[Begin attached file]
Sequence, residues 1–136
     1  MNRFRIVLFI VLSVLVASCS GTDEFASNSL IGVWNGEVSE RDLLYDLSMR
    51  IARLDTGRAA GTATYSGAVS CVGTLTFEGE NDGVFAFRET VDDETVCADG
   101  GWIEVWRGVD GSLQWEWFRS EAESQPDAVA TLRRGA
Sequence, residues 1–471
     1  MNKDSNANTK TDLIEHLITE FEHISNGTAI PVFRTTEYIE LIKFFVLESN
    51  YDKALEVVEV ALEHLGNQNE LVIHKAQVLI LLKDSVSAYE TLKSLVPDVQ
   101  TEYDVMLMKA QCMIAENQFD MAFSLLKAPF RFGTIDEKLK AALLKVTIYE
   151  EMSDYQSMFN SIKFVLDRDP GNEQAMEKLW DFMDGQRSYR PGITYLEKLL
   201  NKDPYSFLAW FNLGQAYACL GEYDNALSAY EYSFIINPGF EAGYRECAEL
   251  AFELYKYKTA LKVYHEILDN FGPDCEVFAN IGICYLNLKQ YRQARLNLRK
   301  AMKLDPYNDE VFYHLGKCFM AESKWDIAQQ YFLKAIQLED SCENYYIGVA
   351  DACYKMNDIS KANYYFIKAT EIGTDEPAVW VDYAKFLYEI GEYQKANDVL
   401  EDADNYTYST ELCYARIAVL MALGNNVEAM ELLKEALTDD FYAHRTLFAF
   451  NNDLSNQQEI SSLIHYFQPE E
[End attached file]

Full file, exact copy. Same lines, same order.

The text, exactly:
Sequence, residues 1–136
     1  MNRFRIVLFI VLSVLVASCS GTDEFASNSL IGVWNGEVSE RDLLYDLSMR
    51  IARLDTGRAA GTATYSGAVS CVGTLTFEGE NDGVFAFRET VDDETVCADG
   101  GWIEVWRGVD GSLQWEWFRS EAESQPDAVA TLRRGA
Sequence, residues 1–471
     1  MNKDSNANTK TDLIEHLITE FEHISNGTAI PVFRTTEYIE LIKFFVLESN
    51  YDKALEVVEV ALEHLGNQNE LVIHKAQVLI LLKDSVSAYE TLKSLVPDVQ
   101  TEYDVMLMKA QCMIAENQFD MAFSLLKAPF RFGTIDEKLK AALLKVTIYE
   151  EMSDYQSMFN SIKFVLDRDP GNEQAMEKLW DFMDGQRSYR PGITYLEKLL
   201  NKDPYSFLAW FNLGQAYACL GEYDNALSAY EYSFIINPGF EAGYRECAEL
   251  AFELYKYKTA LKVYHEILDN FGPDCEVFAN IGICYLNLKQ YRQARLNLRK
   301  AMKLDPYNDE VFYHLGKCFM AESKWDIAQQ YFLKAIQLED SCENYYIGVA
   351  DACYKMNDIS KANYYFIKAT EIGTDEPAVW VDYAKFLYEI GEYQKANDVL
   401  EDADNYTYST ELCYARIAVL MALGNNVEAM ELLKEALTDD FYAHRTLFAF
   451  NNDLSNQQEI SSLIHYFQPE E